The United States and the Middle East: A Search for New Perspectives

By Hooshang Amirahmadi | Go to book overview

CHAPTER 9
The Persian Gulf War:
Myths and Realities

Eric Davis

A fundamental flaw of U.S. foreign policy in the Middle East, and the Third World generally, lies in the propensity to support authoritarian rather than democratic regimes. In its support of exclusionary regimes that oppose political, economic, and social reforms, the United States has become identified as standing against social change. Nowhere in the Middle East is this policy more pronounced than in the Persian Gulf, where the United States has backed some of the area's most authoritarian and reactionary regimes. One of these was the Iraqi regime of Saddam Hussein and the Baath party with which the United States began to forge closer ties in 1982. Yet following Iraq's August 1990 invasion of Kuwait, George Bush "drew a line in the sand" and proclaimed a great moral crusade against Saddam Hussein, whom he compared to Hitler, and his forces of aggression.

What was largely ignored throughout the crisis was the extensive support that had been given to the Baathist regime. Not only was United States duplicity in its dealings with Saddam and the Baath almost totally neglected by the institutions of the state and the media but both promoted a mythology surrounding the crisis. This mythology has served to reinforce rather than challenge the shortcomings of U.S. policy in the Middle East. Rather than reduce instability as the Bush administration asserts, the Persian Gulf conflict may actually increase the possibility that the United States will face many more such crises in the region. Given the crisis's impact

-251-

Notes for this page

Add a new note
If you are trying to select text to create highlights or citations, remember that you must now click or tap on the first word, and then click or tap on the last word.
One moment ...
Default project is now your active project.
Project items
Notes
Cite this page

Cited page

Style
Citations are available only to our active members.
Buy instant access to cite pages or passages in MLA 8, MLA 7, APA and Chicago citation styles.

(Einhorn, 1992, p. 25)

(Einhorn 25)

(Einhorn 25)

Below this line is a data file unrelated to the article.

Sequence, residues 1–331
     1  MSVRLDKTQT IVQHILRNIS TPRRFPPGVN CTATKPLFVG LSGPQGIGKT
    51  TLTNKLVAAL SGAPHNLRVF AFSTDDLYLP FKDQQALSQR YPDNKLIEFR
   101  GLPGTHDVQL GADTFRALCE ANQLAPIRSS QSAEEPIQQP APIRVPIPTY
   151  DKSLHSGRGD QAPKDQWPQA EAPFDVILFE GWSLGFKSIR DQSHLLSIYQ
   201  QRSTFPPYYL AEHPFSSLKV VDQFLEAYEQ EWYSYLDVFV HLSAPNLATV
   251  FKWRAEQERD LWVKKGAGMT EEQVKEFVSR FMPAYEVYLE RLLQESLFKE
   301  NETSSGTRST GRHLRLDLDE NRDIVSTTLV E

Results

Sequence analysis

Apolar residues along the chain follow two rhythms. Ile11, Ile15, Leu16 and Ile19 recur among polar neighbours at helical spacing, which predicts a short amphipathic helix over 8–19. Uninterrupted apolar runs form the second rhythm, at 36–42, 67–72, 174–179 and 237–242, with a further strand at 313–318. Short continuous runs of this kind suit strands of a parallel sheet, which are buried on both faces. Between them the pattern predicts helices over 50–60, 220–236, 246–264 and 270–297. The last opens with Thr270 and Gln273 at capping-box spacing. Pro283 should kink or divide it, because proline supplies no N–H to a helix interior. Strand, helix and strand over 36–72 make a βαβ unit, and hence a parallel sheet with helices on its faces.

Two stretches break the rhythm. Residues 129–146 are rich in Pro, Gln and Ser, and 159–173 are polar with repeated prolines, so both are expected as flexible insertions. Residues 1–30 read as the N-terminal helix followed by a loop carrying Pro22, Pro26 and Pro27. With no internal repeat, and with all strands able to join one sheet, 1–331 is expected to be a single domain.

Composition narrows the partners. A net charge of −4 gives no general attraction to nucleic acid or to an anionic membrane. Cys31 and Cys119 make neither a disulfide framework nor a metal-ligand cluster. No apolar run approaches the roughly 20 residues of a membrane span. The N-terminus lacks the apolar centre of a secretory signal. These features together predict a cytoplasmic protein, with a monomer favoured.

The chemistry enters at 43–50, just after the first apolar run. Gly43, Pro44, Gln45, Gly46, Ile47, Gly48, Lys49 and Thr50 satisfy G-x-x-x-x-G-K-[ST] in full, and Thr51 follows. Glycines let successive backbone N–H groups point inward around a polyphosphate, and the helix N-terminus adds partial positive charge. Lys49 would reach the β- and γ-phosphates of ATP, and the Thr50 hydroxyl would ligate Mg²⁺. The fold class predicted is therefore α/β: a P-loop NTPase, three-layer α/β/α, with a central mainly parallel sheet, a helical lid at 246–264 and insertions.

1. Lois J. Einhorn, Abraham Lincoln, the Orator: Penetrating the Lincoln Legend (Westport, CT: Greenwood Press, 1992), 25, http://www.questia.com/read/27419298.

Note: primary sources have slightly different requirements for citation. Please see these guidelines for more information.

Cited page

Bookmark this page
The United States and the Middle East: A Search for New Perspectives
Table of contents

Table of contents

Settings

Settings

Typeface
Text size Smaller Larger Reset View mode
Search within

Search within this book

Look up

Look up a word

  • Dictionary
  • Thesaurus
Please submit a word or phrase above.
Print this page

Print this page

Why can't I print more than one page at a time?

Help
Full screen
Items saved from this book
  • Bookmarks
  • Highlights & Notes
  • Citations
/ 491

matching results for page

    Questia reader help

    How to highlight and cite specific passages

    1. Click or tap the first word you want to select.
    2. Click or tap the last word you want to select, and you’ll see everything in between get selected.
    3. You’ll then get a menu of options like creating a highlight or a citation from that passage of text.

    OK, got it!

    Cited passage

    Style
    Citations are available only to our active members.
    Buy instant access to cite pages or passages in MLA 8, MLA 7, APA and Chicago citation styles.

    "Portraying himself as an honest, ordinary person helped Lincoln identify with his audiences." (Einhorn, 1992, p. 25).

    "Portraying himself as an honest, ordinary person helped Lincoln identify with his audiences." (Einhorn 25)

    "Portraying himself as an honest, ordinary person helped Lincoln identify with his audiences." (Einhorn 25)

    "Portraying himself as an honest, ordinary person helped Lincoln identify with his audiences."1

    1. Lois J. Einhorn, Abraham Lincoln, the Orator: Penetrating the Lincoln Legend (Westport, CT: Greenwood Press, 1992), 25, http://www.questia.com/read/27419298.

    Cited passage

    Thanks for trying Questia!

    Please continue trying out our research tools, but please note, full functionality is available only to our active members.

    Your work will be lost once you leave this Web page.

    Buy instant access to save your work.

    Already a member? Log in now.

    Search by... Author
    Show... All Results Primary Sources Peer-reviewed

    Oops!

    An unknown error has occurred. Please click the button below to reload the page. If the problem persists, please try again in a little while.